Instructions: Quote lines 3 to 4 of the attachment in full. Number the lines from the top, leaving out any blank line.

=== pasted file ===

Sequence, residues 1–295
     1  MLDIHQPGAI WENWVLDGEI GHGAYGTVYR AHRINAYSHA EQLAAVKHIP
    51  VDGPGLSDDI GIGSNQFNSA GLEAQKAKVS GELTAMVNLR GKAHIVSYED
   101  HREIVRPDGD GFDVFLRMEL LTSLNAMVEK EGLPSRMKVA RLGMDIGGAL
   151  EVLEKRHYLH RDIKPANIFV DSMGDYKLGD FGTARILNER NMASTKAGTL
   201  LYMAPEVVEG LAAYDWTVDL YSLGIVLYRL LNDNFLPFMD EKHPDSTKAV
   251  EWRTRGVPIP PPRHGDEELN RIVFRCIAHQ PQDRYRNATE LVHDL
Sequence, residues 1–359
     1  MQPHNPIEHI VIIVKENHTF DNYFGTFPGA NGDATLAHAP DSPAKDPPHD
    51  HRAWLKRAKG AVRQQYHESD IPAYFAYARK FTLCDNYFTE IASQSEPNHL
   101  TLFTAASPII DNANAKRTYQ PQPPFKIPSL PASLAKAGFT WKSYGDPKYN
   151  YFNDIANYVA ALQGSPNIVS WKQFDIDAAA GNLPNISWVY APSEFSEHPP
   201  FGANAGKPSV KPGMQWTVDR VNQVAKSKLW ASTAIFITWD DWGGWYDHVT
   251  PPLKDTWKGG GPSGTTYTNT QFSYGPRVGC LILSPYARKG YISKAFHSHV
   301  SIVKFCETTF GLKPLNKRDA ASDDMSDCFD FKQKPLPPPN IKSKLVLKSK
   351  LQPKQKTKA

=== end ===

    51  VDGPGLSDDI GIGSNQFNSA GLEAQKAKVS GELTAMVNLR GKAHIVSYED
   101  HREIVRPDGD GFDVFLRMEL LTSLNAMVEK EGLPSRMKVA RLGMDIGGAL